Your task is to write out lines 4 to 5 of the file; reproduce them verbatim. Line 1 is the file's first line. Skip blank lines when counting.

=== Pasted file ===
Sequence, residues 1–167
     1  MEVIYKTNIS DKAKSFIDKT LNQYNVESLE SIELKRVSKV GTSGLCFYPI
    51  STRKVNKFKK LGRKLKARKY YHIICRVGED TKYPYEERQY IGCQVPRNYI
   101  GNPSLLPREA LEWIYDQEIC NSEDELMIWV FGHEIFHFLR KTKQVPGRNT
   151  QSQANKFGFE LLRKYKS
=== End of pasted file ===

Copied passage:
   101  GNPSLLPREA LEWIYDQEIC NSEDELMIWV FGHEIFHFLR KTKQVPGRNT
   151  QSQANKFGFE LLRKYKS